Monday, March 3, 2014

Ancient Hebrew Burial Cave Described in Giles County, Tennessee

Ancient Hebrew Burial Cave Described in Giles County, Tennessee

This type of burial cave with a rolled stone at the entrance dates from 200 B.C. - 200 A.D.

At the plantation of Mr. William Sheppard, in the County of Giles, seven and a half miles north of Pulaski, on the east side of the creek, is a cave with several rooms. The first is fifteen feet wide, twenty-seven feet long, and four feet deep;, the upper part is of solid rock. Leading into this cave was a passage which had been so artfully covered that it escaped detection till lately. A flat stone, three feet wide and four feet long, rested upon the ground, and, inclining against the bank, closed part of the mouth. 'Into the part of the mouth left open, had been rolled another stone which closed the whole opening. When these stones were removed and the cave was first entered, the jaw-bone of a child, the arm-bone, the skull, and thigh-bones of a man were found. The whole bottom of the cave was paved with flat stones of a bluish color closely joined together, but of different shapes and sizes. They formed a smooth floor upon which the bones were laid.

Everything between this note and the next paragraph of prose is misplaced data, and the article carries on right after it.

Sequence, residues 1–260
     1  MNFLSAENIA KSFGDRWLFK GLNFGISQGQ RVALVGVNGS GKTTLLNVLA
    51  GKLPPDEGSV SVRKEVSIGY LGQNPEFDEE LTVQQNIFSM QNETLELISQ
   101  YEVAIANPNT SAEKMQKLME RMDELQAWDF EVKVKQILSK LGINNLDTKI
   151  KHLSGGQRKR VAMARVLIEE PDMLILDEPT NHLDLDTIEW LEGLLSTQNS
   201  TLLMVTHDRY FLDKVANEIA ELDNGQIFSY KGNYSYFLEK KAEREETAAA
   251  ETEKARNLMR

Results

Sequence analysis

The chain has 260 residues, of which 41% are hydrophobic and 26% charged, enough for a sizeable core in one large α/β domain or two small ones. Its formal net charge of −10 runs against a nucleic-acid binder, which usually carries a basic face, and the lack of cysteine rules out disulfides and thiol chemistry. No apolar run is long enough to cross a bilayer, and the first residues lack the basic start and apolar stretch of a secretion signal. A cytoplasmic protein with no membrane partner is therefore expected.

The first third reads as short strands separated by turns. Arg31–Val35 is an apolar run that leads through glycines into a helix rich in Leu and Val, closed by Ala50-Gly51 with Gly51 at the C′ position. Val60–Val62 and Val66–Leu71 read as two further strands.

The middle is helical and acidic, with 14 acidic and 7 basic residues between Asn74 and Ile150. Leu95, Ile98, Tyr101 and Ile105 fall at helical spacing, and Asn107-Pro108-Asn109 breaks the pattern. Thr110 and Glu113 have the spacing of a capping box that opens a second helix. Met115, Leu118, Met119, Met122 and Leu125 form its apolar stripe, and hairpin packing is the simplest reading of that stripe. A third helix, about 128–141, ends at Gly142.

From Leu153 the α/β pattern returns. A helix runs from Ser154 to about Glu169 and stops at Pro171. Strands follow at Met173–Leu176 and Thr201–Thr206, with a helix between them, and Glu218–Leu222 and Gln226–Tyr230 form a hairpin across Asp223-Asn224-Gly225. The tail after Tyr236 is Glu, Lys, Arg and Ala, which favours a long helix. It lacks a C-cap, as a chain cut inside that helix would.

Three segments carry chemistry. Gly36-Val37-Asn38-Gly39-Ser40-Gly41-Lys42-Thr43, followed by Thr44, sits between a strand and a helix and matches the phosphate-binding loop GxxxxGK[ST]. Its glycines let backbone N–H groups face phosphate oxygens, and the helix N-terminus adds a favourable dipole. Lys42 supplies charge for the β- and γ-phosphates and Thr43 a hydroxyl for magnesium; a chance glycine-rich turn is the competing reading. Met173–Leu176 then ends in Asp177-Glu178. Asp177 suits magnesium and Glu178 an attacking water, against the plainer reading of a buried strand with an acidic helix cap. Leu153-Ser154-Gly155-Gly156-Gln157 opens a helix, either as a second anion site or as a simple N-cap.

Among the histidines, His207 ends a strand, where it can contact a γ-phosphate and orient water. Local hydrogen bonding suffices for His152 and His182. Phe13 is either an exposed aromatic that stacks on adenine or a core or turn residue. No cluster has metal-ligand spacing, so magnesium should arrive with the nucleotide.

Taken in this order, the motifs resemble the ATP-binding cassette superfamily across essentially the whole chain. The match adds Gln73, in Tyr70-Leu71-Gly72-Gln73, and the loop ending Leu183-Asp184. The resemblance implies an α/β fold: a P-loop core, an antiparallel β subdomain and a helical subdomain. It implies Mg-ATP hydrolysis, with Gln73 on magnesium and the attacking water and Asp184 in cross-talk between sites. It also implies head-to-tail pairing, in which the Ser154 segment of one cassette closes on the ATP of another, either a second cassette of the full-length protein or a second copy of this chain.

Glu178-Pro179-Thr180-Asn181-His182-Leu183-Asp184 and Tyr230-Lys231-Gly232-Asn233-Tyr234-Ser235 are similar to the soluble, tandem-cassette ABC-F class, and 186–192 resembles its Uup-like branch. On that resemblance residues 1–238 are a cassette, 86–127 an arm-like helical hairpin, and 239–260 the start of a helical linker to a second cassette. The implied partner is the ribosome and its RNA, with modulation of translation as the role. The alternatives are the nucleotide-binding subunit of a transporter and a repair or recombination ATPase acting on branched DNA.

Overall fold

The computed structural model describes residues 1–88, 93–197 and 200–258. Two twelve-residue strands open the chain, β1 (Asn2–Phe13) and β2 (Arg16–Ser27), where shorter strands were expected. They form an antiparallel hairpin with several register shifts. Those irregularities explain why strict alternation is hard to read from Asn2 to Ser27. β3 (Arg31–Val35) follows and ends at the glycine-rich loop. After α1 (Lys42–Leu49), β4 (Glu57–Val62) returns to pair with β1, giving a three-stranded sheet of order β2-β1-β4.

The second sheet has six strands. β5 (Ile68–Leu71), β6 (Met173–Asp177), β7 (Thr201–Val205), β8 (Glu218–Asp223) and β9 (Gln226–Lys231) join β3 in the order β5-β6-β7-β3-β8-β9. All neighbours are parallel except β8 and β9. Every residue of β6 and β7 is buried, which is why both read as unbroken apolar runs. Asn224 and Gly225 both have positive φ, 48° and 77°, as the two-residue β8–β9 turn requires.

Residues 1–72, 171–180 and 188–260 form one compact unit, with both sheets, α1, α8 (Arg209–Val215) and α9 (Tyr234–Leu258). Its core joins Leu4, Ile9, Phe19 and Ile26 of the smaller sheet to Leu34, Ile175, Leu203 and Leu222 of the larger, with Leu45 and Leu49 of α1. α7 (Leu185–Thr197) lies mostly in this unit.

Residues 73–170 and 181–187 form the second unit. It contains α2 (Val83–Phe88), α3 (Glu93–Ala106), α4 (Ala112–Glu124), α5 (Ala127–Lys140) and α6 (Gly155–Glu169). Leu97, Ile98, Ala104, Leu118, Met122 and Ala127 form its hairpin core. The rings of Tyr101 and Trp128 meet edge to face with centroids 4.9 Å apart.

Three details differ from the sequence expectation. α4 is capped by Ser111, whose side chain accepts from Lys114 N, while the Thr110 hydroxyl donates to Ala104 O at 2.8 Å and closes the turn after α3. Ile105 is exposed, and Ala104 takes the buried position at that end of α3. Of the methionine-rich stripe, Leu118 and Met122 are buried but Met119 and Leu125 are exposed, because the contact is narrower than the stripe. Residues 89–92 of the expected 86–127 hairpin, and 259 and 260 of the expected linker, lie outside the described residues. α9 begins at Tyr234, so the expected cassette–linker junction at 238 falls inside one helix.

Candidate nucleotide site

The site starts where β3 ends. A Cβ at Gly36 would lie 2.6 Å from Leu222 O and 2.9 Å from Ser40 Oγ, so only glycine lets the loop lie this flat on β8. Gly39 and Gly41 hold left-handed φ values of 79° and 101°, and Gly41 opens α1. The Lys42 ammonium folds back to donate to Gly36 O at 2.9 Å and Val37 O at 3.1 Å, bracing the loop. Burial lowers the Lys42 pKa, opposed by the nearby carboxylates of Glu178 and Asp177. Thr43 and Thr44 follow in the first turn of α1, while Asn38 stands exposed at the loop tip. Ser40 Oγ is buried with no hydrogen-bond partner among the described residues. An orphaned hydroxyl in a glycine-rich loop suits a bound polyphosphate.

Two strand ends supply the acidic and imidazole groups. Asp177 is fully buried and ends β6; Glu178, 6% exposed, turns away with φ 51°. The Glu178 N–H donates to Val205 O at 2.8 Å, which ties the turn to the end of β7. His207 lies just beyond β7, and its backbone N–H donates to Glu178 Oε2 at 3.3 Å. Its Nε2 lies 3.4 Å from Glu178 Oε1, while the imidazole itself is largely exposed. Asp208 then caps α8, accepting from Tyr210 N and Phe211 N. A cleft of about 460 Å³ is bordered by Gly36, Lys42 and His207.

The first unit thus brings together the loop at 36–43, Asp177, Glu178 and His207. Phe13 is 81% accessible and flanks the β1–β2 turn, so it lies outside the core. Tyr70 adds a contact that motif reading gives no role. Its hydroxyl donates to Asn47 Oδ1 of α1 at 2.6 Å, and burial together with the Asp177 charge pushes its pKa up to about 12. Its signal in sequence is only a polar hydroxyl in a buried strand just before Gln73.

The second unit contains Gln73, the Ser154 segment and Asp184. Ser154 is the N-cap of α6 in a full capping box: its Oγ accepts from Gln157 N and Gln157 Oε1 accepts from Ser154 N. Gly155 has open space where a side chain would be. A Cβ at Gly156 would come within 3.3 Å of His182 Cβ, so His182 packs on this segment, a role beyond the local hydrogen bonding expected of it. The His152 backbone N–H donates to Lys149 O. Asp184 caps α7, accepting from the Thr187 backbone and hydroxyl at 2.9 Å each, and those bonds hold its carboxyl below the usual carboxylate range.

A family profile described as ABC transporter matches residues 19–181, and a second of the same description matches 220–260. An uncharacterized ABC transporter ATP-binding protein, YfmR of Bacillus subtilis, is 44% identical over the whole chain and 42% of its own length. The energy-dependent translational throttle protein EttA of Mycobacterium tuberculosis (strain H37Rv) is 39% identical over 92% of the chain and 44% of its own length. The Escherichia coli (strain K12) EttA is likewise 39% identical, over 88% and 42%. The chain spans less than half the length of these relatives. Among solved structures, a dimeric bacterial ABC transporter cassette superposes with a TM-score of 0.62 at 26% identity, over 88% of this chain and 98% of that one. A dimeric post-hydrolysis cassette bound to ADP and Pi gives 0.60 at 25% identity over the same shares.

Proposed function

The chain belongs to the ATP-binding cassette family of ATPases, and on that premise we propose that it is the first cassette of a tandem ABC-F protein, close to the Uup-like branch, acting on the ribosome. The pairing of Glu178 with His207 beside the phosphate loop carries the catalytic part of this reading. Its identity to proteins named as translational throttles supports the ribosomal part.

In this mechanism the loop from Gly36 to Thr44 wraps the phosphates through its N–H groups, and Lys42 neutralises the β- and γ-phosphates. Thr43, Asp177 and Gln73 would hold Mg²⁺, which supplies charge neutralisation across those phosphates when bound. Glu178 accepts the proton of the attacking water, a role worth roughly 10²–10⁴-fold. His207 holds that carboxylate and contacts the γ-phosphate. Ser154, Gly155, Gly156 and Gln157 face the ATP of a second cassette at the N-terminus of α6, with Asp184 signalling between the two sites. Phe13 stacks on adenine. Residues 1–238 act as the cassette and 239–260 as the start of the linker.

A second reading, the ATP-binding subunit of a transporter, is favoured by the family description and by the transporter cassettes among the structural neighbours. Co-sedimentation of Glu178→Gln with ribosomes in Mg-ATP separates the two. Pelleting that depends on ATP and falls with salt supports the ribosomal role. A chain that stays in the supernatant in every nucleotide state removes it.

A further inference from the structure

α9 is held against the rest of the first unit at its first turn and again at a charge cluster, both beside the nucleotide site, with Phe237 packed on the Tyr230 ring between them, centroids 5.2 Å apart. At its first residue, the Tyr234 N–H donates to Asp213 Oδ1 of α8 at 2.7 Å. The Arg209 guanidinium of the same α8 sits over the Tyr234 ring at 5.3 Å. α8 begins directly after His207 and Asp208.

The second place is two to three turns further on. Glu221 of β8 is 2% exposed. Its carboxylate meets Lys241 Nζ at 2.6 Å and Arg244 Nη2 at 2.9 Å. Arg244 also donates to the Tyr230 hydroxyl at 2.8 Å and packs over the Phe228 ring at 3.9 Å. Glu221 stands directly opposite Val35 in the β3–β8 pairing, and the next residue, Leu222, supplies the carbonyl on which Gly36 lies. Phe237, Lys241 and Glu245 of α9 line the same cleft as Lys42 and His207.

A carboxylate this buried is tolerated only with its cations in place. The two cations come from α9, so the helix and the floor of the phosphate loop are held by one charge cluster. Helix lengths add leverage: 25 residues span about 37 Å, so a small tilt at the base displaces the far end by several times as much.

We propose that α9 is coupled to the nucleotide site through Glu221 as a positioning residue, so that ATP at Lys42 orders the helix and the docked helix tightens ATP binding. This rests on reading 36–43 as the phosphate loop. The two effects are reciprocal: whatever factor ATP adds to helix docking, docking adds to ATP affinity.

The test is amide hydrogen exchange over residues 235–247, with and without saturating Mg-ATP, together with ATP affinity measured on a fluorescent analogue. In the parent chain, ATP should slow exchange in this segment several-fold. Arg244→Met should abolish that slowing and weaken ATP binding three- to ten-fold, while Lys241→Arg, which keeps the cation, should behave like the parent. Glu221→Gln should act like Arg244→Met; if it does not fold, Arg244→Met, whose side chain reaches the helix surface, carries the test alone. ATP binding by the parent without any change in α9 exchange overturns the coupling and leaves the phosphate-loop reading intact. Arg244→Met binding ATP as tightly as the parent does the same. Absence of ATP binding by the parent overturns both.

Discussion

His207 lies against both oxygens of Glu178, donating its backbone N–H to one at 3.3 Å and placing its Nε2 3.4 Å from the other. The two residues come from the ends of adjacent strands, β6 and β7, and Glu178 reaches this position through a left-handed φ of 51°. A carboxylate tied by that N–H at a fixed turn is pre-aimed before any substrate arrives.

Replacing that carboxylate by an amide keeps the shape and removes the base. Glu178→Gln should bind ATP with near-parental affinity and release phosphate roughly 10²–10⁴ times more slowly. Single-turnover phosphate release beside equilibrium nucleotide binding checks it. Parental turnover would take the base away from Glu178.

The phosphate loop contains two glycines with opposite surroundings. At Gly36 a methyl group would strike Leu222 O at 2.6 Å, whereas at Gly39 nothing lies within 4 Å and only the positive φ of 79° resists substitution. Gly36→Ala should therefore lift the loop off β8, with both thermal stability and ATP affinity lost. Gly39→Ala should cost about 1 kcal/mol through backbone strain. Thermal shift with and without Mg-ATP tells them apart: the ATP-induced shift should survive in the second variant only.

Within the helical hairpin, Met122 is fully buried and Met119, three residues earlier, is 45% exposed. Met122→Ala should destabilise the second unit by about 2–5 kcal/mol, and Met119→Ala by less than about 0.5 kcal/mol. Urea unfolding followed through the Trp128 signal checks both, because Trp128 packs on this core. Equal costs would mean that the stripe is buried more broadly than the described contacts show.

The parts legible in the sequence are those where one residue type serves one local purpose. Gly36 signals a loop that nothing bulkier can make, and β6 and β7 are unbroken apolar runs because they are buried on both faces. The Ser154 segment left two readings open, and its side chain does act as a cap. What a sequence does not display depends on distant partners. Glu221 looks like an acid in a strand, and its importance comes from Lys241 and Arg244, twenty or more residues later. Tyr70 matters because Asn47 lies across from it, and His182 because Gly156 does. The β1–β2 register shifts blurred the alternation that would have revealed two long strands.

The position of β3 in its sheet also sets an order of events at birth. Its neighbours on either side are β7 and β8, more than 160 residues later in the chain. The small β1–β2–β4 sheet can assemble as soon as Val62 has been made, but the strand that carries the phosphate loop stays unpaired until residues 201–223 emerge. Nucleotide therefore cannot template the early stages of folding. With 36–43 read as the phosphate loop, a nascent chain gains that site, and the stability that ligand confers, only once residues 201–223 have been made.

Exodus 24:10 This sea of glass was first seen by Moses, Aaron, Nadab and Abihu and the seventy elders of Israel on Mount Sinai, and there “they saw the God of Israel.  Under his feet, there was, as it were, a pavement of sapphire, a clear blue as the very heavens.”